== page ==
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Inktomi Reenters Battle For Biggest

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From The Search Engine Report
June 2, 2000

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It's been over a year since one could consider Inktomi among the largest search engines on the web. The company's crawler-built index of web pages has stayed static at 110 million, while competitors such as AltaVista, FAST and Northern Light have pushed past the 200 and 300 million marks. Now Inktomi says its back. Later this month, some of its partners should begin announcing that they are making use of Inktomi's new 500 million page index. When they do, users will have access to the largest searchable database of web pages that the Internet has ever seen.

Inktomi is not adding new documents to enlarge its existing database. Instead, it has created a second database that works in cooperation with the first one. If a query doesn't appear to be satisfied by the smaller database of 110 million pages, then a check will be made of the second database that contains the additional 390 million pages.

Why do this? Inktomi claims that breaking up the index helps it maintain relevancy while also keeping the costs down. "This allows us to be good, big and cheap, all at the same time," said Matthew Hall, vice president of engineering in Inktomi's Search and Directory Division.

Inktomi has worked hard over the past year creating a system that it feels allows it to have a small index of the most popular pages on the web, as explained further in the "Numbers, Numbers" article below. It is presuming that most popular queries will continue to be best satisfied by that smaller index, making it unnecessary to do a wider search against the entire corpus of pages for every query.

"Obviously, if someone submits sports, you don't want to go to all 500 million pages," Hall said.

Going to all 500 million selectively also saves money, because it requires more hardware to match every query against the entire database. This is especially true for Inktomi, which processes nearly 50 million queries per day.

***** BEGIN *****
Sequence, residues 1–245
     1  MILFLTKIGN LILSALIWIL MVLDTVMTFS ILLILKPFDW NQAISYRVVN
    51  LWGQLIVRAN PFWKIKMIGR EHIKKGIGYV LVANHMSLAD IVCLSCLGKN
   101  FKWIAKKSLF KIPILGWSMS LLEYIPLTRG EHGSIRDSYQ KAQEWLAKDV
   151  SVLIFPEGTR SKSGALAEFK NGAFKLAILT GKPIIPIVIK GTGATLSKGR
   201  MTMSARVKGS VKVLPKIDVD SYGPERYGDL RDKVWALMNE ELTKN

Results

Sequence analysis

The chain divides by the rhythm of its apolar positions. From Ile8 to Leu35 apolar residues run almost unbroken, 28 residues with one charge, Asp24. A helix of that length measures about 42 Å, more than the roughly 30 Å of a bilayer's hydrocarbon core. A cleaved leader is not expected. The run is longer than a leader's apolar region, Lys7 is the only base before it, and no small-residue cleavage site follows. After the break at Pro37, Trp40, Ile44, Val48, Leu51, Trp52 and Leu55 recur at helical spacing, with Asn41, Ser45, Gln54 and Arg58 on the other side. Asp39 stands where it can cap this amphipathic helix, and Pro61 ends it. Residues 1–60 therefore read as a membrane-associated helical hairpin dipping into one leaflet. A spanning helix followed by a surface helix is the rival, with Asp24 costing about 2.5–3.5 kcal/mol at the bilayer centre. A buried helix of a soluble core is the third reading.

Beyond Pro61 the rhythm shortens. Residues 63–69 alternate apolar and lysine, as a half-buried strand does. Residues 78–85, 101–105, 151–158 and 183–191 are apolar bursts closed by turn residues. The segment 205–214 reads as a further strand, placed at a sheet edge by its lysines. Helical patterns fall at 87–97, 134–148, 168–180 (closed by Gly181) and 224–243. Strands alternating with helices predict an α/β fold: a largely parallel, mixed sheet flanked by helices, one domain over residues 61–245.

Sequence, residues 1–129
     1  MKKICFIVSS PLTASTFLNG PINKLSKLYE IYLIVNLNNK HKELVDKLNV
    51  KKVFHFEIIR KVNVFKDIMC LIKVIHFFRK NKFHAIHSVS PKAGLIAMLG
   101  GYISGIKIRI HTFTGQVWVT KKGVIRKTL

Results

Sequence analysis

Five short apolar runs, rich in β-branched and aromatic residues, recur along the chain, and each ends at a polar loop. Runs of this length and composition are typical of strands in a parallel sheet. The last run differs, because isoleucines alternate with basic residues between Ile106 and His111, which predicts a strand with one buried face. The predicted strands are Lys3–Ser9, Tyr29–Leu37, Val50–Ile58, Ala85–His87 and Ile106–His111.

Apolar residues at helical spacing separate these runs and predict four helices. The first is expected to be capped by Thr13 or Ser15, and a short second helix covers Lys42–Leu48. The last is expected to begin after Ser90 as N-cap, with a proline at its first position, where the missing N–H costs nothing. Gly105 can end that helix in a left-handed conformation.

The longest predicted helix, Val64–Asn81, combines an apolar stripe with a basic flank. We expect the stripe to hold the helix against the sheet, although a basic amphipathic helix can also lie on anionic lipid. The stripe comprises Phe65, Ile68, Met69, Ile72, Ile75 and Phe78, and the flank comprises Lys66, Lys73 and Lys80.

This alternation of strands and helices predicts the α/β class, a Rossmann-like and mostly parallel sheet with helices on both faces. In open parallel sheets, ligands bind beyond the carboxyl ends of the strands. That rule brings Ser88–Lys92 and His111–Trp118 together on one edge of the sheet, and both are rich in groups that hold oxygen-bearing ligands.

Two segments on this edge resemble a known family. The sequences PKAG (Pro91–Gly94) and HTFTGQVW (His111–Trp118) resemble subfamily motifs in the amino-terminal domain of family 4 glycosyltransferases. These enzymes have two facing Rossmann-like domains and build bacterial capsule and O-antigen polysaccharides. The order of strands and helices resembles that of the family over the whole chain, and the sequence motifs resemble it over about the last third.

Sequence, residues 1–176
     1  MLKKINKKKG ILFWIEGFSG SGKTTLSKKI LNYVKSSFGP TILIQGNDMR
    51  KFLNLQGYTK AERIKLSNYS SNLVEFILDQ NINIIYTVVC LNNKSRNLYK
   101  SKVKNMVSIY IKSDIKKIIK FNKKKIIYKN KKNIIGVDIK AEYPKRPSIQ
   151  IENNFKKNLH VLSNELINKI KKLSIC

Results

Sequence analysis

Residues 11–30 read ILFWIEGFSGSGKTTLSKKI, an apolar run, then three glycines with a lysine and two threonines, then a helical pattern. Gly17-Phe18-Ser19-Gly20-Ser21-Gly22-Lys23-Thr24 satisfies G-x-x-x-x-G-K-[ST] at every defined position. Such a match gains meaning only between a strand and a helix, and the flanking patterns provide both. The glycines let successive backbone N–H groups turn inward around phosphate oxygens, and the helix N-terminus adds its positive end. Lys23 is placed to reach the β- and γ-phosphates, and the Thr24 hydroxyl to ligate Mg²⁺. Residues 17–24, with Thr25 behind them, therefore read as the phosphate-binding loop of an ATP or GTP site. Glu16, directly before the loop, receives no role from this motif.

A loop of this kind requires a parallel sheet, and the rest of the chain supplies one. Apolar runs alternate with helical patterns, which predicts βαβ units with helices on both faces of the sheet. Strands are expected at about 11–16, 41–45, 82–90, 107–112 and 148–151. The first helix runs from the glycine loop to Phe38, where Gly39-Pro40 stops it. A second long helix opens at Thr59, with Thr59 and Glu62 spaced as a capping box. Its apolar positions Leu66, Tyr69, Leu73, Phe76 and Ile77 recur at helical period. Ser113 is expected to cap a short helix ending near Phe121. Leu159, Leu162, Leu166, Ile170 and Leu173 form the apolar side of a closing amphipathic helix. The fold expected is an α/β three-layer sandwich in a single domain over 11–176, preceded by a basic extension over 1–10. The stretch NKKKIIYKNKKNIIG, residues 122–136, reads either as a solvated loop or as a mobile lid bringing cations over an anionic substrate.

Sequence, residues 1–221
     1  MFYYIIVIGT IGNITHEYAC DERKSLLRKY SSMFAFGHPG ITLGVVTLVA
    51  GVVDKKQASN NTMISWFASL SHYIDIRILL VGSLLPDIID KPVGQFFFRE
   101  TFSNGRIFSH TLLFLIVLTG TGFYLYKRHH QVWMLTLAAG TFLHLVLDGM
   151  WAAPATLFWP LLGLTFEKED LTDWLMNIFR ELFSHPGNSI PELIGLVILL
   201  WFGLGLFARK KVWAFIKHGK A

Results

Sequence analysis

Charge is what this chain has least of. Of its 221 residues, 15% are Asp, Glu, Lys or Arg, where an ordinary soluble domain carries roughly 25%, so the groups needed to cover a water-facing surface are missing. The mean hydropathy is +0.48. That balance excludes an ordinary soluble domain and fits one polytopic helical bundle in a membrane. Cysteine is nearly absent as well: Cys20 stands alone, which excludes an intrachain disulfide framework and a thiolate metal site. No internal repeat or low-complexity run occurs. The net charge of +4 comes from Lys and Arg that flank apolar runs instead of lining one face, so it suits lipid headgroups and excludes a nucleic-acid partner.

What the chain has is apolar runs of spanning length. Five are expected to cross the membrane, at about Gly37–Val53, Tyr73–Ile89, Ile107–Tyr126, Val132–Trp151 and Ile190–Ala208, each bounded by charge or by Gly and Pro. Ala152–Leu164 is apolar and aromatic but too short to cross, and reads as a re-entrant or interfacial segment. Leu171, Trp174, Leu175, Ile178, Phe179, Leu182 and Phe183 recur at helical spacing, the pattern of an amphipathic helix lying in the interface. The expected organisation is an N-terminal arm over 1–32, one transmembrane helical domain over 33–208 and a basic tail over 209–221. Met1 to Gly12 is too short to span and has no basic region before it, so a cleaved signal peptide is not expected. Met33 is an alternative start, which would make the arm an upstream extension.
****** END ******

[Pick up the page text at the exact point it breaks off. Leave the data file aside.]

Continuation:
The use of multiple indexes isn't new. A search at AltaVista, for instance, pulls up results that come from a variety of sources, such as Ask Jeeves, RealNames, the Open Directory and its own web crawler results. However, Inktomi is the first major service I know of to break apart its web page index. I don't see this as bad, but Inktomi-competitor FAST argues that it may cause people to miss important documents.

"This is a subtle form of search engine censorship, as there could be gems hidden in the second part of the index that would have been listed on the first one or two page of search results, if only Inktomi had let you search them," said FAST CTO John Lervik, who says that his company's search engine always checks its entire index for every query. FAST currently has an index of 340 million pages.

The real test will be by consumers. Yes, a gem could be hidden within Inktomi's secondary database, but I see this as unlikely for popular and general queries. In contrast, when performing more obscure searches, you should be able to tap into the much wider collection of documents.

We should be able to see for ourselves later this month. Inktomi says its different partners themselves will announce when they go online with the new index. That also means that unless an Inktomi-powered service specifically says it is using a larger collection, you should assume that it still taps into only the smaller database of 110 million. In fact, some partners may not even search against the entire 110 million page index of documents. How deep to go is a decision left to Inktomi's partners.


FAST Search

Numbers, Numbers -- But What Do They Mean?
The Search Engine Report, March 3, 2000

Explains how Inktomi hopes that its smaller index can satisfy general queries by focusing on popular documents.

Search Engine Sizes

A look at the size of various search engines, based on reported numbers, along with links to past articles on size issues.

A longer and more detailed version of this article is available to Search Engine Watch "site subscribers." This is just one of the many benefits that site subscribers receive. Click here to learn more about becoming a site subscriber.

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